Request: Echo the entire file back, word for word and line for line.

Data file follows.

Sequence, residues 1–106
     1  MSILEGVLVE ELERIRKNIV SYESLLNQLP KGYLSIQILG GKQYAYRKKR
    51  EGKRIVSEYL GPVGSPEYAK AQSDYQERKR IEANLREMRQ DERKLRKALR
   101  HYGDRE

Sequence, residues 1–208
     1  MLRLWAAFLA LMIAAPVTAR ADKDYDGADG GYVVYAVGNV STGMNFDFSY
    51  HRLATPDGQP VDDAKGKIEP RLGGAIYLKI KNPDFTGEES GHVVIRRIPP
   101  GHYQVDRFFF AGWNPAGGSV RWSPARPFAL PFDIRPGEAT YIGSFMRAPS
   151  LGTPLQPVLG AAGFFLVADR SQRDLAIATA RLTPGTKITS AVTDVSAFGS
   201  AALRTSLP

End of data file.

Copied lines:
Sequence, residues 1–106
     1  MSILEGVLVE ELERIRKNIV SYESLLNQLP KGYLSIQILG GKQYAYRKKR
    51  EGKRIVSEYL GPVGSPEYAK AQSDYQERKR IEANLREMRQ DERKLRKALR
   101  HYGDRE

Sequence, residues 1–208
     1  MLRLWAAFLA LMIAAPVTAR ADKDYDGADG GYVVYAVGNV STGMNFDFSY
    51  HRLATPDGQP VDDAKGKIEP RLGGAIYLKI KNPDFTGEES GHVVIRRIPP
   101  GHYQVDRFFF AGWNPAGGSV RWSPARPFAL PFDIRPGEAT YIGSFMRAPS
   151  LGTPLQPVLG AAGFFLVADR SQRDLAIATA RLTPGTKITS AVTDVSAFGS
   201  AALRTSLP